1) Superstore (a local grocery store chain) has stopped selling their loose-leaf chai tea with whole spices. This makes me sad as it was awesome, and I am almost out. I noticed it on sale a little while ago but it didn't occur to me that it was going to be going out of production. They still sell a chai that comes in tea bags, but it just isn't the same! And here I was ready to wax rhapsodic about its charming qualities yesterday...

2) Superstore has heavy-gauge aluminum cookware, which I have been looking for ever since *somebody* in the blogosphere, I no longer remember who, mentioned that it was the secret to crispy, delicious pites. I want to buy the cake pan for this purpose, but can't decide if it's too small. Oh and speaking of Superstore, I bought some of their own-brand phyllo for my next project...we'll see if it's any fresher than the Krinos stuff they have at Scoop and Save.

3) I love halva. Seriously. And I feel a little ashamed to say so but I think I prefer a Turkish brand (Koska)! At first I thought it was too oily, but its creaminess won me over. There are times though when I do prefer a crumblier Macedonian halva. If anyone is keeping score, my favorite flavours are pistachio and cocoa (especially Koska's cocoa, because it has some flavour to it!), but I'd eat any halva if you coated it in chocolate!

I think that's all for now...hopefully I'll cook something of interest on the weekend...and then starting next week I'll have to try putting something in the slow cooker every Tuesday, because I have class from 4:30-7:30 pm and that way I have a warm meal waiting for me, without having to yang at Chris to do it for me!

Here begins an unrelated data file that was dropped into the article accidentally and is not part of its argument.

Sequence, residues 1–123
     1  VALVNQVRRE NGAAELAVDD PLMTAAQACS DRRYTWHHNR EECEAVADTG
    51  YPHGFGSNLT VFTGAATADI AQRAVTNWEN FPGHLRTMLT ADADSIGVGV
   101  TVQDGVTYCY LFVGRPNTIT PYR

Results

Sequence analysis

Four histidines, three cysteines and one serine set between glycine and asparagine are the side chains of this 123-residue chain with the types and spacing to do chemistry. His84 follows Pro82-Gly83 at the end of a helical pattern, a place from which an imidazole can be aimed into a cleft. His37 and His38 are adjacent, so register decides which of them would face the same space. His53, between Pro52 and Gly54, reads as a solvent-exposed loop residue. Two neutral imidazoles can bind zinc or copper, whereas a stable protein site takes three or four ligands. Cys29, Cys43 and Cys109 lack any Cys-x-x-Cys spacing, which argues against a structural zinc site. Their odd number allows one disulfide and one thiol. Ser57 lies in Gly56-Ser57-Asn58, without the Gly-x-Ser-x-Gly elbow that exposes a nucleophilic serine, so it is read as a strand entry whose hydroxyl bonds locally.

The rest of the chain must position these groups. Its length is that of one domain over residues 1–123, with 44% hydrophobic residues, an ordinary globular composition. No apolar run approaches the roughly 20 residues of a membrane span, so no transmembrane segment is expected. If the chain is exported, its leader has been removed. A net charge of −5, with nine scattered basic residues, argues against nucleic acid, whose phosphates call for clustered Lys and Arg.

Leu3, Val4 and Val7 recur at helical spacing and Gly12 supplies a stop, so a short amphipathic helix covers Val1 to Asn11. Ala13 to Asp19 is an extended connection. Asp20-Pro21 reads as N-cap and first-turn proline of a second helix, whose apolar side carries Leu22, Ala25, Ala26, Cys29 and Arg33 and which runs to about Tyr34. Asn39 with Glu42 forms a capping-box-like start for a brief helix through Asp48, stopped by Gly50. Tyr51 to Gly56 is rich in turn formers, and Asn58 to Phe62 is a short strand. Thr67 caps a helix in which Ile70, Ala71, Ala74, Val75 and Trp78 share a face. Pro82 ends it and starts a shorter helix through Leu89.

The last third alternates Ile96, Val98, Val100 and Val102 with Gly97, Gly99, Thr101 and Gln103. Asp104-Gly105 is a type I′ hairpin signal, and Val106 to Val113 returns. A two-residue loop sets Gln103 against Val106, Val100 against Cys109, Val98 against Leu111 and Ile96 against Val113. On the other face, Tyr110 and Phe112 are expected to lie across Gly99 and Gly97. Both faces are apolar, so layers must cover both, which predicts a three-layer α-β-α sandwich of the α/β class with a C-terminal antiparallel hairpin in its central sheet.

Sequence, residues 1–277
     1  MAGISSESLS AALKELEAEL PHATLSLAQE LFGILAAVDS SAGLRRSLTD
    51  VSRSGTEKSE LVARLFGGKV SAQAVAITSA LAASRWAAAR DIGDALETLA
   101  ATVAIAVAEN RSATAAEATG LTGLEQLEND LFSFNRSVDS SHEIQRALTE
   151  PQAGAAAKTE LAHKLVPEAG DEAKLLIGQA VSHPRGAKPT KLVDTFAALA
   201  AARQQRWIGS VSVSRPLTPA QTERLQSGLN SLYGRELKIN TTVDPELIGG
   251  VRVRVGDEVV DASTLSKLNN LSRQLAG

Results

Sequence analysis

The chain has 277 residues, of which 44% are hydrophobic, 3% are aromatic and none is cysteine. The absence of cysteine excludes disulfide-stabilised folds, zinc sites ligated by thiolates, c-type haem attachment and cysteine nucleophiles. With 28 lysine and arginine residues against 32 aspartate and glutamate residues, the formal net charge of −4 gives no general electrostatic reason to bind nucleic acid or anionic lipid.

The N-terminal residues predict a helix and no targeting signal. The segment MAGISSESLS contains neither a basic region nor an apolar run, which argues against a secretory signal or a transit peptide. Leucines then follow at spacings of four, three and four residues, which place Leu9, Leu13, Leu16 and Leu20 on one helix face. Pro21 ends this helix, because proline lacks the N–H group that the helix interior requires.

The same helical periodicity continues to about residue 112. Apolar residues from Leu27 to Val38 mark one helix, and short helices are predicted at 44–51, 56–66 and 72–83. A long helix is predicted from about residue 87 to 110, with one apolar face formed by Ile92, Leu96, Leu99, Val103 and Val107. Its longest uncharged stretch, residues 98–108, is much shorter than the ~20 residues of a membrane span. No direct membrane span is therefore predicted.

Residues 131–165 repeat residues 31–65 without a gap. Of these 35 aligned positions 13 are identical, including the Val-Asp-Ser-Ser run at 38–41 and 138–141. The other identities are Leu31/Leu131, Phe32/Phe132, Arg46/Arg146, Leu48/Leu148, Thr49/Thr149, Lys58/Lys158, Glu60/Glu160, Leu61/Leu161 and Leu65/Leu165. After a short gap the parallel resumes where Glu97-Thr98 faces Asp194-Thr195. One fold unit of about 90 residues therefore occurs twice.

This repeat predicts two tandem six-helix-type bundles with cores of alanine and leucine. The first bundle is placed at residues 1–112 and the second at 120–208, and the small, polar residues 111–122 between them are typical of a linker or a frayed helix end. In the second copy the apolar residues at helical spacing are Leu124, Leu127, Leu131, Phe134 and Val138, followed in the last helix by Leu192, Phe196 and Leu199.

EDIT: Actually, one more thing! While I was at Scoop and Save I noticed that they now carry Yiotis brand products! Or at least they carry some: the vanilla, chocolate, and "assorted" pudding mixes, the creme caramel, instant whipped cream, instant bechamel, etc. I don't know if I'd ever buy any of it (maybe the creme caramel?), but any time they start selling more Greek products I can't help but be happy.

Monday, September 7, 2009


So, I finally broke down last night and moved the box of phyllo from my freezer down to my fridge to thaw overnight...I was going to make a pita (Greek pastry pie)! Since I had a bag of mixed "Euro Greens" (kale, spinach, swiss chard, beet greens, mustard greens, etc.), I decided to make a hortopita, or wild greens pie. I knew I didn't have a lot of cheese (about half a pack of feta), so I combined some recipes from The Greek Mama's Kitchen: Authentic Home-style Recipes - part of it was from a leek and swiss chard pie recipe, part from a kalitsounia recipe. I cooked up a semolina, milk, and egg mixture, added onions and garlic fried up with cumin, coriander, oregano, and sumac (I thought the extra moisture of lemon juice would be detrimental) and as much feta as I had. I wilted the greens and pressed some of the water out of them, then went to work with the phyllo.

I'll admit it, it was tricky. The top sheets were dry and brittle, as were the bottom ones, which meant they would tear where they had been folded, or stick together, but once I got to the middle of the stack it was easier. I had some salted butter in the back of the fridge so I melted some, brushed it on the phyllo and layered the sheets in a baking pan, turning it every few sheets at a time. I poured the semolina mixture in, topped that with the greens, covered that with the rest of the phyllo except for the last one. I folded the excess phyllo toward the centre, covered that with the last sheet, and tucked in the edges. I sprinkled the top with cold water and sesame seeds, threw it in the oven, and...behold!

(mmm, crispy golden brown!)

Now that I've gotten over my phyllo-phobia, I'll be making a lot more pites! Maybe even every weekend! I think next time though, it'll be a baklava...